That night the rain was pretty intense and woke us up on several occasions but we set our alarm early as Josh wanted to go and take photos whilst it was quiet in the Narrows (a walk going through the Virgin river between sandstone cliffs). However when the alarm went off it was still dark and we went back to sleep for another hour before heading for the shuttle. At the shuttle we were informed that the Narrows had been closed due to an unsafe flow rate from the storm the previous night.
We changed our plans and had a shower instead (we hadn't showered since Vegas so it had been a while), it was bliss. We then decided that we should still go and do the walk to the Narrows so that Josh could take photos, but just not go in the water. So off we went in the shuttle bus with all of Josh's camera equipment ready. When we got off the shuttle Josh gave me his camera to hold whilst he went to the toilet, when he got back I looked at the screen and said "why's it all red?". He thought I was joking. I wasn't joking. Somewhere in between him giving me the camera and me about to give it back everything had taken on a red tint.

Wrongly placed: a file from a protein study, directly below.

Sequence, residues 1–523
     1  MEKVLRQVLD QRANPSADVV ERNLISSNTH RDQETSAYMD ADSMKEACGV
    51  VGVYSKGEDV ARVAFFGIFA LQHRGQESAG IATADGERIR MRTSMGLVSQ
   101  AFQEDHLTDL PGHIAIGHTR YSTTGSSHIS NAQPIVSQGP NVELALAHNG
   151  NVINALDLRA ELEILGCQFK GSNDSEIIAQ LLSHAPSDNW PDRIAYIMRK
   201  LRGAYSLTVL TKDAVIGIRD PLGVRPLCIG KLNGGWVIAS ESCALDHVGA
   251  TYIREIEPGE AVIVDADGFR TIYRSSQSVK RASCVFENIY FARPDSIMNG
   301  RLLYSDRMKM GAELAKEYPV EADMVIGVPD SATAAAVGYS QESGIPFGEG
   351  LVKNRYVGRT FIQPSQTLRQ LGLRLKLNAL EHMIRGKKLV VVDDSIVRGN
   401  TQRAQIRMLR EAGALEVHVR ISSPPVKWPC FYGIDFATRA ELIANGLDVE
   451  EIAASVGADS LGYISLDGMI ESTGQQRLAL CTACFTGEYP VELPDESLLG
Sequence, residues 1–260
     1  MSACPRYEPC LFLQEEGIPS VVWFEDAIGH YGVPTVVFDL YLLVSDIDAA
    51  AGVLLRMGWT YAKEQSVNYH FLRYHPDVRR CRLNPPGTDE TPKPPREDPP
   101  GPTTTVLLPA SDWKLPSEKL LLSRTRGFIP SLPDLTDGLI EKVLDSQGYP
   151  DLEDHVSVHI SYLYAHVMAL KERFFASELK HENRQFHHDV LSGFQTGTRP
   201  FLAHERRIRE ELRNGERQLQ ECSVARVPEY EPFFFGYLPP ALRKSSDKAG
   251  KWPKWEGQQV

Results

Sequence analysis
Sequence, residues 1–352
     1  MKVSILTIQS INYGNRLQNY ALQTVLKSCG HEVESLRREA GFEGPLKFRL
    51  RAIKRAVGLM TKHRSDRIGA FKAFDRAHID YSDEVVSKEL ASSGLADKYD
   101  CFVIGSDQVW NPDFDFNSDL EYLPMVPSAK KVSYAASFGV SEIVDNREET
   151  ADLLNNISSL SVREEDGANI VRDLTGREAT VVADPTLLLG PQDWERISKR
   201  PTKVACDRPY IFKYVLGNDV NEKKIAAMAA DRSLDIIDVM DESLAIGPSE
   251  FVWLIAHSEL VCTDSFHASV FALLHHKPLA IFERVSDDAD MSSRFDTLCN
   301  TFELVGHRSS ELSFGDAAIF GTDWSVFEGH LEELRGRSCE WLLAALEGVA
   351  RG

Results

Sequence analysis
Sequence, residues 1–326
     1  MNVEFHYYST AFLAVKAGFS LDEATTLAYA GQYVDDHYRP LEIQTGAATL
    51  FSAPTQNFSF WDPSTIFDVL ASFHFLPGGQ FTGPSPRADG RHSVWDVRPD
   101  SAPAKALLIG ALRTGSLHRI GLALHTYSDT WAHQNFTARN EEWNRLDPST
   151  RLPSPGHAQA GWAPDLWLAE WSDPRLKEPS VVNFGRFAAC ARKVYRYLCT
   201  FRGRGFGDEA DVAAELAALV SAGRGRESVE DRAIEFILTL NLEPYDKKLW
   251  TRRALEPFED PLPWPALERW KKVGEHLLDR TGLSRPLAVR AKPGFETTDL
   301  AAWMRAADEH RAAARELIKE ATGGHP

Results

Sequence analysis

Immediately when I saw Josh's face I knew that wasn't normal and I felt really guilty – it had happened whilst I held it but I hadn't pressed anything that I was aware of! We did the walk in silence, Josh fiddling trying to adjust the colour throughout the whole walk and me panicking about ruining his expensive camera. There didn't seem to be much hope and no photographs were taken.
As we gave up and went back to the campsite, Josh managed to fix it (it was a setting with the auto white balance that had been affected if you were worried [A really fiddly little setting and not the normal white balance setting – Josh]). We were both rather relieved and were able to relax for the rest of our time in Zion.
Lees Ferry, Arizona
After leaving Zion we knew we were heading towards the Grand Canyon but only realised the night before that the campsites and the road itself to the North Rim of the Grand Canyon were shut for the season. Bummer. It meant we had to stay at a campsite all the way at the very eastern end of the canyon to set us up to loop to the South Rim of the canyon, but that turned out not to be too bad.